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Two Years Later: What Really Caused the Death of Amy Winehouse

by Blue Shorts
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Amy Winehouse drinks a pint of lager as she watches The Libertines perform live at The Forum on August 25, 2010 in London, England. (Credit: Ian Gavan/Getty Images)

Amy Winehouse drinks a pint of lager as she watches The Libertines perform live at The Forum on August 25, 2010 in London, England. (Credit: Ian Gavan/Getty Images)

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WASHINGTON (CBSDC) - Nearly two years after his daughter’s death, Mitch Winehouse has authored Amy, My Daughter, to set the record straight about events leading up to Amy Winehouse’s passing, and the real cause of her death.

“There was speculation about how she died and everything else and there was speculation that she took her own life,” Mitch Winehouse told the Junkies on 106.7 The Fan. “So I wanted to write the book to set the record straight on her passing, and also the kind of person she was.”

“She hadn’t taken drugs for three years,” he added shortly thereafter, contradicting reports that a drug relapse had ended her life.

Before we dive further into what ended up being a fascinating interview, let’s do our own due diligence in dispelling further speculation. Mitch did not write this book to personally capitalize off his daughter’s name. All proceeds from book sales go to children’s music foundations, which in America, happens to be the Brooklyn Conservatory of Music, as well as a few others.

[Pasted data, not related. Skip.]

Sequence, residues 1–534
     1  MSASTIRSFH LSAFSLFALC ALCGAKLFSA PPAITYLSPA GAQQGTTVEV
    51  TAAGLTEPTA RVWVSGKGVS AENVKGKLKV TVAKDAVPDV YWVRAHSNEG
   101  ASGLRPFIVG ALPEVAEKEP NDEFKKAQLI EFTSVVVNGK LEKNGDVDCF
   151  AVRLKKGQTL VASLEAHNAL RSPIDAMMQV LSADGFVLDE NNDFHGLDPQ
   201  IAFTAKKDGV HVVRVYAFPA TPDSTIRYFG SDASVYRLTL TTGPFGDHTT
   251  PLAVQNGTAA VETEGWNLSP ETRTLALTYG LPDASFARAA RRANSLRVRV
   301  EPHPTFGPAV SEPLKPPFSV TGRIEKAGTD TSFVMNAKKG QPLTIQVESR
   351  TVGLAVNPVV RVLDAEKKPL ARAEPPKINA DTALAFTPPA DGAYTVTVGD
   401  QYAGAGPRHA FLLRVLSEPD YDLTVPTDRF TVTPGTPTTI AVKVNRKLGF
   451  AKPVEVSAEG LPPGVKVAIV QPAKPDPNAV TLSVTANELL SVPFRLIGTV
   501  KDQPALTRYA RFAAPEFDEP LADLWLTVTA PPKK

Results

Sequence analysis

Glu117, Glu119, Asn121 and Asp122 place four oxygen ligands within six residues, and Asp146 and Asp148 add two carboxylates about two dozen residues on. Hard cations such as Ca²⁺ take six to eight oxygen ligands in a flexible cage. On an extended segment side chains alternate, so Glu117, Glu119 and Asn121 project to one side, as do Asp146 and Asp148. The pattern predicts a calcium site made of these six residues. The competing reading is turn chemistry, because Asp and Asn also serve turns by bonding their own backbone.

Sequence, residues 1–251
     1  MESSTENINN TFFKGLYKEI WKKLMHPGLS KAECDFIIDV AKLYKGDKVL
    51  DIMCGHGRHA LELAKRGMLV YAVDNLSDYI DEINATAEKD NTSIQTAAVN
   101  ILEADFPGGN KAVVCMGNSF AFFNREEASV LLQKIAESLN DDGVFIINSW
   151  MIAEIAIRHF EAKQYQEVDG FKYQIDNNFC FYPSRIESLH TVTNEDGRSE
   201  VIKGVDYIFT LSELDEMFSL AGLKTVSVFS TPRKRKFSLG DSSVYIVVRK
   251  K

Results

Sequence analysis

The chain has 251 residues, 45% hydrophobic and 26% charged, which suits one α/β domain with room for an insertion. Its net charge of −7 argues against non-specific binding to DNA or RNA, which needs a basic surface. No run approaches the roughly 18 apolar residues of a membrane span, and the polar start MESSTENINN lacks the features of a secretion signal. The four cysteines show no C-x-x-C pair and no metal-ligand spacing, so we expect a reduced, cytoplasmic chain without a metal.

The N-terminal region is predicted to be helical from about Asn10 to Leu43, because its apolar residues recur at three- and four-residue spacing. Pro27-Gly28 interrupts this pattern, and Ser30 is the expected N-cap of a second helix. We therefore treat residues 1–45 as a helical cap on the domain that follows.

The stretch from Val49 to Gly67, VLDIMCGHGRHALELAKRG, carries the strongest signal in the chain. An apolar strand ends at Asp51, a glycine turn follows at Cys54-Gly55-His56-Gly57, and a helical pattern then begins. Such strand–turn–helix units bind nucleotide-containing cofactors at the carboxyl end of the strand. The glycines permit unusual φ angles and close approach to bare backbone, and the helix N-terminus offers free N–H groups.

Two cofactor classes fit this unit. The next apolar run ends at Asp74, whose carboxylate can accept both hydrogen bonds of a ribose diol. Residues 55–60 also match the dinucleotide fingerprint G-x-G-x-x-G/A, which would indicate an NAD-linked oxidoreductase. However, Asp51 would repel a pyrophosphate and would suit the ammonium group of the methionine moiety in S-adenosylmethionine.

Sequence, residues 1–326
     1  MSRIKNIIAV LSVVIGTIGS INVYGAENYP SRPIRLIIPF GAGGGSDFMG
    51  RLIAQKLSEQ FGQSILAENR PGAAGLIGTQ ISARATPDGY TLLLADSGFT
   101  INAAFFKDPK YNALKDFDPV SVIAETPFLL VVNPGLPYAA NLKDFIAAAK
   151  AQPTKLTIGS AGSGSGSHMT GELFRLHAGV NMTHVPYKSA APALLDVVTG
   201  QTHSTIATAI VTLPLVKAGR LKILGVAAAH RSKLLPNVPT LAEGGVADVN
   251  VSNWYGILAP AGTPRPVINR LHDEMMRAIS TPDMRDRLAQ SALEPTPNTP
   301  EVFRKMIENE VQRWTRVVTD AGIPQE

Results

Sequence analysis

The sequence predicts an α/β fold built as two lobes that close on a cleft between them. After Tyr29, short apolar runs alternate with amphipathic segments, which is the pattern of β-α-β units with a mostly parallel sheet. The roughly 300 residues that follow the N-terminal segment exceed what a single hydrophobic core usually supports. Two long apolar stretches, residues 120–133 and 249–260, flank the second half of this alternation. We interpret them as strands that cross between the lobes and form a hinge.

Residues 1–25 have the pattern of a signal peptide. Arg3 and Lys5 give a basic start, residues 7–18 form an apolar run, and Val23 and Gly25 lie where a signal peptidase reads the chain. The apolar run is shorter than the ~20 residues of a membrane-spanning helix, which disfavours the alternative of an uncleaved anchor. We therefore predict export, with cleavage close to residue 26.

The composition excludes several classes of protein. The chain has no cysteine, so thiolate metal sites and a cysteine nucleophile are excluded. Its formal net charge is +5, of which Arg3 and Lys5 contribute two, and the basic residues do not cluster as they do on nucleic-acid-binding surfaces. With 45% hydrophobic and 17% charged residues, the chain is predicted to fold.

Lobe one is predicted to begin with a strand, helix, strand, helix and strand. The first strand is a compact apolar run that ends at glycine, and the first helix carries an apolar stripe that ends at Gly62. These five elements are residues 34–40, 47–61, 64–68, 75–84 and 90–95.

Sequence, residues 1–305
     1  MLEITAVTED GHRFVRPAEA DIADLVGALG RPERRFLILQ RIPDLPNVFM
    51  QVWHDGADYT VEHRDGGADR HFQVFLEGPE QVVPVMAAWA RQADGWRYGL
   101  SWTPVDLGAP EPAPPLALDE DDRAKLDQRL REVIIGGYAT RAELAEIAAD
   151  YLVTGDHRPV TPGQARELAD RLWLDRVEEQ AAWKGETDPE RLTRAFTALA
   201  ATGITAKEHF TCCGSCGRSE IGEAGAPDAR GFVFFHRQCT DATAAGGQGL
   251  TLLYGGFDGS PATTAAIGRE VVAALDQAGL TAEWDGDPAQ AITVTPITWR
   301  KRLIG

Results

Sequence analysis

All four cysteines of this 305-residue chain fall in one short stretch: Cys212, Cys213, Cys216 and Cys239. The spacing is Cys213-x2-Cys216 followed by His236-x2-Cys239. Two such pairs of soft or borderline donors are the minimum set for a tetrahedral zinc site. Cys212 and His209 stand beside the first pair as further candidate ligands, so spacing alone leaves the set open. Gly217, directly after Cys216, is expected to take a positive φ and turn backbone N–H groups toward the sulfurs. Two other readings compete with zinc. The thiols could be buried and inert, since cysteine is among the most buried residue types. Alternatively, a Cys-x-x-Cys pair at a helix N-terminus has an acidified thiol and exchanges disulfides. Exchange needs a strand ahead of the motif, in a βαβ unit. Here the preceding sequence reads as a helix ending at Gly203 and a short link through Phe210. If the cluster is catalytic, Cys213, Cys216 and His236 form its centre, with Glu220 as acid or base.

“So the last two or three days of her life, she drank an awful lot of alcohol,” Winehouse said. “And this happened And this has happened before. But over five weeks she hadn’t drunk. This was proof that she was moving towards abstinence. These things happens, but she drank an enormous amount of alcohol when she did drink. And this time unfortunately, there was nobody there to take her to the hospital when she passed out. Security were there, but they thought she was asleep, and this dreadful accident happened. It was alcohol poisoning.”

Mitch believes that while his daughter’s progression towards a clean life had been long, and drawn-out, she had really turned the corner before her final relapse.

“The last 18 months of her life were possibly the best 18 months of her life,” he explained. “She had a new boyfriend. They were very happy. There were times when she was drinking heavily, and there were large periods when she wasn’t drinking at all.”

“This was someone who was moving towards abstinence,” he added. “But unfortunately, she didn’t quite make it.”

Winehouse has devoted his life to warning the next generation of the danger posed by “party drugs.” He’s gone school-to-school in the UK, speaking to more than 50,000 students about the issue, while offering responsible, practical advice that they’re less-likely to tune out.

“Don’t say ‘Don’t drink’ and ‘Don’t take drugs,’” he explained. “Of course the young people are going to experiment. But just think twice. Just think about these so-called party drugs. They can get you quicker than alcohol or crack or heroine. Let me tell you, this stuff can get you with one exposure.”

You can purchase the book here, and listen to the interview below.

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